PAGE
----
Make pretty starched coffee filter flowers with your kids. These are a perfect spring craft to do together!
Have you used starch in your crafts with the kids? After this flower craft, I’m so excited to find new ways to use it.
I got inspired to make these starched coffee filter flowers from Ms. Motta’s Mixed Media’s Chulily-inspired artwork.
The boys and I started by coloring our coffee filters. This actually took us a couple of tries. We failed a couple of times before going back to a tried and true method.
Our first fail was by trying to do glue resist coffee filters. Henry glued all over the coffee filters only to find that it soaked through.
I moved them off my dining room table surface and onto newspapers. They stuck there, good. I asked on Facebook for other suggestions, but we didn’t try it again (yet!).
I know its possible, I saw Dilly-Dali Art do it with rubber cement!
The second fail was with trying a new method of watercolor coffee filters. This time trying it outside with a watering can.
Wetting down the coffee filters then dripping them with food coloring and then watering them again to spread the colors. This worked wonderfully. Until they dried and were still almost completely white with only spots of colors.
How to Make Starched Coffee Filter Flowers
The coffee filters weren’t ruined with these at least, so we tried again. Back to a method we did last year.
Spin Art! A success! Painted spin art coffee filters.
George was even able to join in this art process. I watered down some paint (just a little) so it could be spooned into the salad spinner. Laying a coffee filter in the spinner, drip some paint on it and spin!
George dropped the paint in and I spun!
Henry did a bunch too! You can see him in action from last year’s Spin Art Coffee Filter Streamers.
Now, onto the good part.
I lined up a bunch of pop cans (yes, I’m a pop drinker…) with our painted coffee filters and some spray starch (affiliate link).
Henry’s job was to put the coffee filters on the can. Pressing them over and around the can. Getting them as good and creased as he could.
Trying to keep it real here. Henry was in whine mode here and whined like crazy when the coffee filters wouldn’t stay where he left it and it popped back up.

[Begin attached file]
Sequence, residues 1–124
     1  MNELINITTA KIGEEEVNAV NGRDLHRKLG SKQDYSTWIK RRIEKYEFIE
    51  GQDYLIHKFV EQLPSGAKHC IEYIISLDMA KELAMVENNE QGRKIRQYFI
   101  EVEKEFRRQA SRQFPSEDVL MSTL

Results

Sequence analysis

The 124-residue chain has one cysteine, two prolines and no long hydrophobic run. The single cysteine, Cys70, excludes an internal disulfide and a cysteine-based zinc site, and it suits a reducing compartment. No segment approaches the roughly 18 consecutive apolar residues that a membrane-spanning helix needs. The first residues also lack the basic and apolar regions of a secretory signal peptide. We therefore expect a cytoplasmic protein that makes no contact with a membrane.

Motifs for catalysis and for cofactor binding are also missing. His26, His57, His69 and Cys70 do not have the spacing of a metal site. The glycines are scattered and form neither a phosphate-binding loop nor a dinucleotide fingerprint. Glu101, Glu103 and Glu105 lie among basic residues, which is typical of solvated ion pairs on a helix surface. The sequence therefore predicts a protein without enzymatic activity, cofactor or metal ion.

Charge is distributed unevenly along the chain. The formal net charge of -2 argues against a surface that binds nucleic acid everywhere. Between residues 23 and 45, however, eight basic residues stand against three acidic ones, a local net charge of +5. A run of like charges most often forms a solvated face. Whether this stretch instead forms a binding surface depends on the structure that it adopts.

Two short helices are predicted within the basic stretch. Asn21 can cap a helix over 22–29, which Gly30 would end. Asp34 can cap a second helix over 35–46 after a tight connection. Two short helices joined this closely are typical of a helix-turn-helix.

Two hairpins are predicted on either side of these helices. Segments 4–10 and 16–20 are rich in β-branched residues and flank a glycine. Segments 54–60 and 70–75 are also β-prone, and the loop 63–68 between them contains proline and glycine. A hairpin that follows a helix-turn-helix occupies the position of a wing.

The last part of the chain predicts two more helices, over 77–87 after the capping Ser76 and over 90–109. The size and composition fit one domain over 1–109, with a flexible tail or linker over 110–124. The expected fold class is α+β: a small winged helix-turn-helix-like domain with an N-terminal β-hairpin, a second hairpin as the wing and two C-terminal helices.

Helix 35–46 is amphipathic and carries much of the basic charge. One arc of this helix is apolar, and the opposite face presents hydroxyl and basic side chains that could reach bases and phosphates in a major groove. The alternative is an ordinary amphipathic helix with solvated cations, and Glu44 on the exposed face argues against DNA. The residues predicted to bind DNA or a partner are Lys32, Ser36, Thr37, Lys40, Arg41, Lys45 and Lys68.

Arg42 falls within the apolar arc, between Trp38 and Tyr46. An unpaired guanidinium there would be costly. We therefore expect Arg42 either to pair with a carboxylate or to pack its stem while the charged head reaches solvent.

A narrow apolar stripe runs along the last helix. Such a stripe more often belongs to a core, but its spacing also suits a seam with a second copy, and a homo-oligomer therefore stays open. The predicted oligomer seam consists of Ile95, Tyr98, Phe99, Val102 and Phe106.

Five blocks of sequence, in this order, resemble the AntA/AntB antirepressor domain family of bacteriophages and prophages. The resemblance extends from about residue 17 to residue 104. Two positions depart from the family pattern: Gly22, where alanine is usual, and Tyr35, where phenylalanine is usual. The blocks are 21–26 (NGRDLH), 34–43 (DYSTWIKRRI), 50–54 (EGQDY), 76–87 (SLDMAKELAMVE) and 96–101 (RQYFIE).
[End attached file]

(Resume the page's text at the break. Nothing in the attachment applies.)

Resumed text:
There was fit after fit. Relate to that?
Once the coffee filters are on the cans and in place, spray them with the liquid starch. Henry did a few of them but couldn’t grasp the concept of holding the can back a ways, or moving it around.
He held it within a couple of inches each time and didn’t move. There were a lot of puddles of starch on the coffee filters.
More fits were had when I tried to help and show him. That’s just how it goes sometimes.
Then we let them dry. They took about a good day to dry.
I kept coming back to check them and gave them another spray because I didn’t know if they were going to be stiff enough to hold its shape.
I probably ended up putting on three good coats of starch.
That may not have been necessary, but with the previous fails for this project, I just didn’t want to have to start over again.
Finally, once the coffee filters were dry, we could make our flowers!
I didn’t really have a plan for the starched coffee filters when I started. I just knew I wanted to try the starch.
All I could come up with at the time were flowers. I still haven’t come up with anything much better, so I’m open to suggestions!
The starched coffee filter flowers were simple to make.
- We doubled up the coffee filters, placing one inside the other and gluing them together.
- Glue a pom pom in the center of the flower petals.
- Glue down a craft stick (either a colored one like we got from CraftProjectIdeas, or paint a regular one) as the stem.
- Add a couple colorful buttons for ‘leaves’.